At 18 weeks, some pregnant bellies look, well, pregnant, and other women are just starting to show. You may be feeling baby’s movements on the regular or might just start to feel a flutter or two. Pretty soon those kicks will be unmistakable.

💛 Congratulations 💛

You are 45% of your way through your pregnancy.

Six Things to Do for Better Sleep

Pregnancy Sleep Photo

Exhaustion is one of the most common symptoms of pregnancy. So it’s normal if you feel more tired than usual—or like you’ve never felt so tired in your life! One National Sleep Foundation poll found that 78 percent of women reported more sleep trouble during pregnancy than other stages of their lives.

If sleep trouble is an annoying but somewhat rare occurrence, you can try any number of techniques to more effectively power down. Some ideas:

  • Establish a regular bedtime. The same time, every day. Even weekends.
  • Eat a little, not a lot, before bed. And if you do drink caffeine, save it for the morning.
  • Create a sleep haven. You want cool, dark and comfortable.
  • Ditch the screens before bedtime. The work, too. Take a bath instead.
  • Watch out for heartburn. It’s a common ailment during pregnancy. If you’re suffering, avoid spicy, greasy and fried foods and wait at least an hour after eating before going to bed. If it’s bad, talk with your healthcare provider.
  • Nap when you can! Grabbing an hour here and there is great, as long as you can still fall asleep at night.

How will your sleep change during your pregnancy, and what to do about full-on insomnia? Here are the details.

Mid-Pregnancy Ultrasound

You’re probably gearing up for the mid-pregnancy ultrasound—a.k.a. the anatomy scan, which happens around 20 weeks pregnant. And it really is just that. Baby’s whole body will be checked out to make sure development and growth are on track.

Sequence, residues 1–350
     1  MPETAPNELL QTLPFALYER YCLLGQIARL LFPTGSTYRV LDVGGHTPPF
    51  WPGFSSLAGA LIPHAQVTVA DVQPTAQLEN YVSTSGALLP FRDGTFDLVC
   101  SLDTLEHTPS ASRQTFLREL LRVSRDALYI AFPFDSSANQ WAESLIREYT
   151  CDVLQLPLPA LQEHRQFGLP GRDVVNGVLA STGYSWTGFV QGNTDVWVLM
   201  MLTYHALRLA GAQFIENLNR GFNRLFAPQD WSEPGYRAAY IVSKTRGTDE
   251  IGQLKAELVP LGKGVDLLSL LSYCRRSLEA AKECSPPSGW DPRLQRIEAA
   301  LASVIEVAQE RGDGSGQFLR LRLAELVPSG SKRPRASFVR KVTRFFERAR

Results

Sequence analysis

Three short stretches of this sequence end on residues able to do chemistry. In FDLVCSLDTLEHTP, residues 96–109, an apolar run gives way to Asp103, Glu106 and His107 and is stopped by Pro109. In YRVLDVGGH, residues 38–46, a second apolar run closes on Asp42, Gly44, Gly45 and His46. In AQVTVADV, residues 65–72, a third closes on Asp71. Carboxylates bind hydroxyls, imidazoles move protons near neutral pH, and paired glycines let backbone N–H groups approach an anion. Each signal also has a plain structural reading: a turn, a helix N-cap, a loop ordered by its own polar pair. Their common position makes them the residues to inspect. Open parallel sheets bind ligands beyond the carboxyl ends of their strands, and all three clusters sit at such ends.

The highlight for many parents-to-be is finding out baby’s sex, but you’ll probably find it really amazing to see everything, from baby’s brain, to the heart and to those teeny little fingers and toes. If baby kicks while they’re on camera, you’ll see what those baby movements look like as you feel them.

Your due date will be confirmed based on baby’s size too. There’s a small possibility the date could change (despite what that due date calculator told you). But only around five percent of babies are born on their due dates, so it’s not set in stone.

Fun Fact

Your body is making 50% more blood than when you’re not pregnant to nourish the baby.

Think About Baby Names

While you still have a lot of time to choose a baby name, it’s fun to start thinking about names you like. Consider a few sources of baby name inspiration:

  • Family names: Your favorite grandma’s first name, or mom’s maiden name could be a good moniker.
  • Place names: Does the city or state you grew up in—or a nearby river or street—have a nice ring to it?
  • Religion or spirituality: Many parents-to-be look to sacred texts for baby name inspo.
  • Nature and seasons: Autumn, Daisy, August, Lily, Forest—nature is full of beautiful baby names.

18 Weeks Baby Bumps from Real Moms

18 weeks pregnant belly @cparran fitmom

18 weeks pregnant bump @gracechalgren

18 weeks pregnant belly pictures @mrslampkin1908

18 weeks pregnant belly size @gheeful

18 weeks pregnant size @autumn.ferreira

18 weeks pregnant pictures @jayceegatwood

18 weeks pregnant woman @notasouthernbell

pictures of pregnant belly at 18 weeks @ruufiooo

18 weeks pregnant belly @colormekenna

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Week 18 Pregnancy Checklist

  • Since baby can hear now, consider making a baby mixtape/Spotify playlist of some of your favorite songs, or tunes that are soothing, like classical music.
  • Remember to start sleeping on your side—or even better, sleep on your left side. This can help increase the amount of blood and nutrients that reach the placenta and baby.
  • Consider buying a pregnancy pillow for sleeping.
  • As your belly starts to show, it’s a good time to coach older siblings-to-be about the baby joining the family.